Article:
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Thread: It's 2018 - How do you feel about drones now?

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    Default It's 2018 - How do you feel about drones now?



    I just got into the drone game, to me the Mavic 2 Pro hit the sweet spot of fully function, compact, and image quality.

    That said, I know it's a fairly polarizing issue. I'm just curious how you all feel about drone use.

    Now that I'm invested into I'm getting up to speed and seeing just how restrictive things have become, especially in BoCo where I live. I'm more of the mindset of know what I can and can't legally do and trying top be an ambassador for my hobbies, so I don't mind a challenge to help gain some respect for the community.

    I know I'm able to fly from my house, but living in a pretty populous area, I'm not really trying to irritate my neighbors, so for general practice flying I've joined the local AMA chapter with the field out by union. It seems like a great group, and I can take off and land there without worry of breaking any laws.

    I spend a lot of time on USFS and BLM land, so I'll be pretty well off for opportunities to shoot while I'm out camping and fishing, I'm just glad to have something local that I can take advantage of and actually gain the experience I need to make my back country flying worthwhile.

    What is your opinion of drones? What experiences have you had, positive or negative? Do you fly a drone yourself?

    Here's a little short time lapse I did yesterday.

    https://youtu.be/8Kxh3DYcecI

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    Default Re: It's 2018 - How do you feel about drones now?



    Overall I like drones and think they make a great tool/hobby. I enjoy watching videos taken by drone, but there is a time and place for everything. Sadly, as with many things, a relative few people have ruined it for the many. Flying in crowded commercial airspace, crash landing in big crowds of people, peeping through bathroom windows etc... are all examples of serious misuse and I understand why people see this and want the government to restrict the activity.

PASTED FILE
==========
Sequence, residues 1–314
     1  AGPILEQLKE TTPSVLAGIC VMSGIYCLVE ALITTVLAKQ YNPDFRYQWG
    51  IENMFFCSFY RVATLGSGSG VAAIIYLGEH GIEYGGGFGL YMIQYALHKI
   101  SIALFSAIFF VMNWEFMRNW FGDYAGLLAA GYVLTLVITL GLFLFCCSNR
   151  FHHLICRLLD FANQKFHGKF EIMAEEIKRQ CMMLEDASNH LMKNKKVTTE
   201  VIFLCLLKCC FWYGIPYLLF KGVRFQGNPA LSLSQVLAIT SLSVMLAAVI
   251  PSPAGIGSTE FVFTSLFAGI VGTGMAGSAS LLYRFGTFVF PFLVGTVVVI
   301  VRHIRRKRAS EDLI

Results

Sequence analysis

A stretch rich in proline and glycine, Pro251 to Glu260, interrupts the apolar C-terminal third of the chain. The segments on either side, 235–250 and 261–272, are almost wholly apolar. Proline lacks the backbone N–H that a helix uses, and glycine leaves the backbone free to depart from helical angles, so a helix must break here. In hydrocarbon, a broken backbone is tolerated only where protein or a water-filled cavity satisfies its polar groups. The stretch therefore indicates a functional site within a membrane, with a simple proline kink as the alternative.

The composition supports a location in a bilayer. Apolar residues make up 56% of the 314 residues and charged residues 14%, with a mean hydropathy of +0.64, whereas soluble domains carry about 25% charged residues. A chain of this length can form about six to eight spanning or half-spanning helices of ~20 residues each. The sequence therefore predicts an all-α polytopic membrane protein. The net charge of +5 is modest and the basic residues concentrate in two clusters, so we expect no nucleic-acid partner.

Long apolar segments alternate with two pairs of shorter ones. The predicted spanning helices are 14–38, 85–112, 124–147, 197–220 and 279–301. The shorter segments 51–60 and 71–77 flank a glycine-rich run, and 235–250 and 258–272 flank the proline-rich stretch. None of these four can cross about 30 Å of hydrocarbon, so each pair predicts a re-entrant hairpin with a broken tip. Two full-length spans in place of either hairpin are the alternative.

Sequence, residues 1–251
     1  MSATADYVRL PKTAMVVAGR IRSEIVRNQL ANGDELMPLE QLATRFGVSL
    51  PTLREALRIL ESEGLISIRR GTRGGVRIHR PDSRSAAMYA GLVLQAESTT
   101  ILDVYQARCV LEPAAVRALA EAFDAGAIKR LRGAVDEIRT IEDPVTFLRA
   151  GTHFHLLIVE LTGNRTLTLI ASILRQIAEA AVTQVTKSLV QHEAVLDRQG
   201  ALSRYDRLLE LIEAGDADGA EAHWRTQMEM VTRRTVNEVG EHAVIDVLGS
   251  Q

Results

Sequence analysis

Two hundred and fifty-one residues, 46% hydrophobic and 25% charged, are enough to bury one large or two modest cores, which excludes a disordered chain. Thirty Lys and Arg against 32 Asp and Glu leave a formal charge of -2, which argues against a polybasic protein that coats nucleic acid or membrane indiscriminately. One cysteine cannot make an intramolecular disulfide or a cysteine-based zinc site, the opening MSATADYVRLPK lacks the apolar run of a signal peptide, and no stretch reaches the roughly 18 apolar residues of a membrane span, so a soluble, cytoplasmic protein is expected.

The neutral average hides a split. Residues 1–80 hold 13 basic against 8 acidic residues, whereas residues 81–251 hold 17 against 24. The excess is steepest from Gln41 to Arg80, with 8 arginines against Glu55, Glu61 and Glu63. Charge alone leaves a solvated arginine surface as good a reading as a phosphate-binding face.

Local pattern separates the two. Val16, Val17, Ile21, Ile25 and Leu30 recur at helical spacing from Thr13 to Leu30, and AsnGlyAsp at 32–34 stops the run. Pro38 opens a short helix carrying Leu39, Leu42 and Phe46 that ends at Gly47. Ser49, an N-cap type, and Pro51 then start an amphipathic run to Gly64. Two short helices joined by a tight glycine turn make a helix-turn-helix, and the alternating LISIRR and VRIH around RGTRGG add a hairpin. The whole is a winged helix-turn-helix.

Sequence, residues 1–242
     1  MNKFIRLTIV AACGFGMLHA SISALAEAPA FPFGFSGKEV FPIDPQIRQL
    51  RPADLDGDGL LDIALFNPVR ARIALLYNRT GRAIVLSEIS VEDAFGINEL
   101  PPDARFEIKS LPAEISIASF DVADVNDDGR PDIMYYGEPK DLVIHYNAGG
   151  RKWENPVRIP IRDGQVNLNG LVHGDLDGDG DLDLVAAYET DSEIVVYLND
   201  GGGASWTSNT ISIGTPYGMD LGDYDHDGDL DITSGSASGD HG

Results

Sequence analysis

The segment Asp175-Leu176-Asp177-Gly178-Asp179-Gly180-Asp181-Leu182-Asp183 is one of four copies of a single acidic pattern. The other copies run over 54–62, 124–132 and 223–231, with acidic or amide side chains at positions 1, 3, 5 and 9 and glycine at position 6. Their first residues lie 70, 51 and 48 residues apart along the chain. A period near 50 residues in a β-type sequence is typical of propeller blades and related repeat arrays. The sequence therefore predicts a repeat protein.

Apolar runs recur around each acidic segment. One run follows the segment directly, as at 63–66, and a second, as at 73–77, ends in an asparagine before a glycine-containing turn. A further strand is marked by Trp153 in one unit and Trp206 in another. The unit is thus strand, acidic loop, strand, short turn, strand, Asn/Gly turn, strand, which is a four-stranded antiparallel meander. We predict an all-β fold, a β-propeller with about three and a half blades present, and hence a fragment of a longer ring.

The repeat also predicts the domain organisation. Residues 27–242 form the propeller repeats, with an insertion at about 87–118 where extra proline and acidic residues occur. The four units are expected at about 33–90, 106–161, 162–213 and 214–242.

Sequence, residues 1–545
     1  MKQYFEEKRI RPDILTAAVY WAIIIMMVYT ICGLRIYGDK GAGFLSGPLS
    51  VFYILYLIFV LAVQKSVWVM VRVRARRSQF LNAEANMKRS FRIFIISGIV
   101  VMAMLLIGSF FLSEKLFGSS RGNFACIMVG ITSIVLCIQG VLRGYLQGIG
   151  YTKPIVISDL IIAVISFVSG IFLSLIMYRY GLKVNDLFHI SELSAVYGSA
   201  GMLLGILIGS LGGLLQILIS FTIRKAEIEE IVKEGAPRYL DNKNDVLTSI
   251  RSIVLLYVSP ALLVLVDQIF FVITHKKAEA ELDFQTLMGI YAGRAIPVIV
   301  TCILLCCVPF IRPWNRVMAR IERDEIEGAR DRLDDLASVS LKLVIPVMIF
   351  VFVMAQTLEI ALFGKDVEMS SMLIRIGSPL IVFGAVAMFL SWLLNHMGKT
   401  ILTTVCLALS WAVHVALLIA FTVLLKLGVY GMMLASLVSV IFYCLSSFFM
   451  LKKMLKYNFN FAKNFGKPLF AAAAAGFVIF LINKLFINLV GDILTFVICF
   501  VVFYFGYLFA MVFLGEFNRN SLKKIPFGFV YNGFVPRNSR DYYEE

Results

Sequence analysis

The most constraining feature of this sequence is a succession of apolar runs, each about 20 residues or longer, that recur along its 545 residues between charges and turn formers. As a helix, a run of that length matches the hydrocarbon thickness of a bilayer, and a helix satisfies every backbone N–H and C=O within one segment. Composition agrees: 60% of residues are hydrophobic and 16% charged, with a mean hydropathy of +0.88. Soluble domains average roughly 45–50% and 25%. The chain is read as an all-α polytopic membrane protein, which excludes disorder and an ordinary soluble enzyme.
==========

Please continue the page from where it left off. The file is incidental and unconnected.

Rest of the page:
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    Default Re: It's 2018 - How do you feel about drones now?



    Spieg previously posted:
    "Flying in crowded commercial airspace, crash landing in big crowds of people, peeping through bathroom windows etc... are all examples of serious misuse and I understand why people see this and want the government to restrict the activity."

    There are a lot of valid wildlife concerns as well. Heck, I can't even watch drone videos over the speakers because that frequency freaks my dog out.

    Like most things that are fun, a few bad apples can ruin a good thing for the majority.

    There is something in Longmont's municipal code, but I have yet been able to find the actual section, but I have plenty of time.

    My code to the gate is on its way, so I can let myself in, which I am really fond of. I am sure the guys there know all about the local regulations, so I can learn from them.

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    Default Re: It's 2018 - How do you feel about drones now?



    They can get some cool video!

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    Default Re: It's 2018 - How do you feel about drones now?



    Great for targeting and shooting bad guys. But seriously, drones have their place in both the work world and the entertainment world. They are a great way to document a group event where everyone knows they will be flown and has agreed.

    They are invasive to privacy and that is the issue of course. What is entertainment to you is invading my privacy. Even out there in BLM/NF territory. You are flying around the lake that is your camp ground area. But in the process you fly over someone elses campsite.